Netflix’s first-ever ad-supported tier launched on Thursday in the U.S. and 11 other countries. The streamer’s new “Basic with Ads” plan costs $6.99 per month, $3 less than the next level up, the $10-per-month “Basic” plan.
Though ad-supported platforms have proved popular in the streaming marketplace, and were even an early selling point for subscription platforms from Hulu to Peacock, Netflix has long resisted integrating paid spots into its own service. Co-CEO Reed Hastings publicly shot down the notion as recently as the summer of 2020, when he told a crowd at a financial conference that Google, Facebook and Amazon already dominated the online ad space and “there’s not easy money there.” Ultimately, the economy and the realities of the streaming marketplace caught up with him. After a chilling dip in subscribers and a corresponding stock plunge, Hastings seemingly changed his tune.
Not all Netflix content will always be available to “Basic with Ads” subscribers, due in part to licensing restrictions; some titles contractually can’t steam on the platform with advertising. “Basic with Ads” also disables downloads for offline viewing, and caps streams at a resolution of 720p. To upgrade to 1080p, you’ll now have to pay for the $15.49 Standard plan, while 4K streams become available at the $19.99 “Premium Plan” level. (Dang, what else do we get with that? They don’t send you a bottle of bourbon or nothing?)
The number of ads that play depends on the content being viewed. Most Netflix shows and films will run with traditional 15-to-30 second spots, totaling around 4 or 5 minutes of commercials per hour of content. Some newer films, like the “Knives Out” sequel “Glass Onion,” will play with just preroll ads. Netflix also plans to monitor viewership data around the ads with help from Nielsen in the U.S. and the nonprofit group BARB in the U.K., and may adjust the format based on subscriber activity and response. According to Netflix’s own figures, 85-90% of the content on the platform is compatible with some form of advertising.
It’s only been about seven months since Netflix first announced plans to introduce ads to its service for the first time. The streamer actually beat rival Disney Plus out of the gate. Their promised ad-supported plan doesn’t arrive until next month and it’s just a tiny bit more expensive, costing $7.99 per month. (They are, howeer, offering a package deal on Disney Plus, Hulu, and ESPN Plus together.)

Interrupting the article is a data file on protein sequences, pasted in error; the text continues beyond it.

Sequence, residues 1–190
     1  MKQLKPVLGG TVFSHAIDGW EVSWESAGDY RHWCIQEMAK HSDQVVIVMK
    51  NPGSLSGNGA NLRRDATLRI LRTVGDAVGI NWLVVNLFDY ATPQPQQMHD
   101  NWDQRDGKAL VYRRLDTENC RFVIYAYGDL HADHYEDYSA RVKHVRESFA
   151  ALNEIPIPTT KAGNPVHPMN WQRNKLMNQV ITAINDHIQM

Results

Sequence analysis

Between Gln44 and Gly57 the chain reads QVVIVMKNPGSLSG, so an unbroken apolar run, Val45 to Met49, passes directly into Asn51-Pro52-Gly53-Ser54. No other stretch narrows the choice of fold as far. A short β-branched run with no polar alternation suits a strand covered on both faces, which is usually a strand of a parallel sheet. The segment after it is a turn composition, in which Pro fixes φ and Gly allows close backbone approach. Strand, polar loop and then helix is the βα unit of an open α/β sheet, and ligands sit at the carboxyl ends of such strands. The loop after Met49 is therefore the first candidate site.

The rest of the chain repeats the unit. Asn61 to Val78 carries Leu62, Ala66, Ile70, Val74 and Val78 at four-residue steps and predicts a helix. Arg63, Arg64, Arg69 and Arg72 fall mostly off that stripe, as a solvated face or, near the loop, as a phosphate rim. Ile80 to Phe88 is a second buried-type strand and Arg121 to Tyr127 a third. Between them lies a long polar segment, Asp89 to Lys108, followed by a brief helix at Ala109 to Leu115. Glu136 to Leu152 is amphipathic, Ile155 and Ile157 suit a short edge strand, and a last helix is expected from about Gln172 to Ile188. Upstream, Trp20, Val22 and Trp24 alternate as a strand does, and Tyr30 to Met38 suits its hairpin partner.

Netflix initially planned to charge sponsors $65 to reach around 1,000 viewers (known as the “CPM”), but this price point was seen as excessively high for a new platform with relatively opaque audience measurement tools, and came down a bit following negotiations with ad buyers. At launch, Netflix ads are selling at CPMs around $45-$55. Should the “Basic with Ads” plan prove successful among subscribers, and the streamer demonstrate that it has developed accurate ad-targeting processes, this number will likely tick up over time. Major Netflix advertisers at launch include the luxury brand LVMH Moët Hennessy Louis Vuitton, Budweiser brewers Anheuser-Busch InBev and beauty brands L’Oréal and Nyx.
Behind the scenes, much of the work remains ongoing. Earlier this week, Netflix beefed up its advertising team, adding five new top executives from Amazon, YouTube, TikTok and Snap. The group includes former Amazon global head of sports strategy and research Julie DeTraglia, who will now serve as Netflix’s VP of ads measurement strategy; Julie Green, TikTok’s former director of global business solutions; and Nicole Sabatini, who previously ran product marketing for YouTube’s ad marketing division.
As well, the Wall Street Journal reported on Wednesday that Netflix’s licensing agreements with major Hollywood studios have yet to be completely finalized. The streamer is apparently still working out the details with frequent creative partners Walt Disney Co., Comcast, NBCUniversal, Sony Pictures Television, Warner Bros. Discovery and Lions Gate Entertainment. (Some of these studios, such as Disney, have streaming services that directly compete with Netflix, and don’t provide any original content for Netflix, but they nonetheless license classic shows, such as “Grey’s Anatomy” or “How to Get Away with Murder.”)
Questions remain as well about whether or not the creatives who actually work on the shows will see any benefit from this new revenue stream. Currently, Netflix makes fixed-rate deals with talent, who don’t receive any kind of back end or bonuses when their shows prove to be a breakout success. Even though he created the biggest global Netflix smash hit of all time, “Squid Game” creator Hwang Dong-hyuk is quick to point out that the show hasn’t made him a wealthy man; he didn’t receive any kind of bonus from Netflix following the sleeper hit’s phenomenal worldwide success. Should Netflix’s ad-supported tier start bringing in millions more in revenue per quarter, some in Hollywood may be looking for the streamer to begin instituting more transparent performance-based metrics, as a way to compensate the original creators. - Lon Harris
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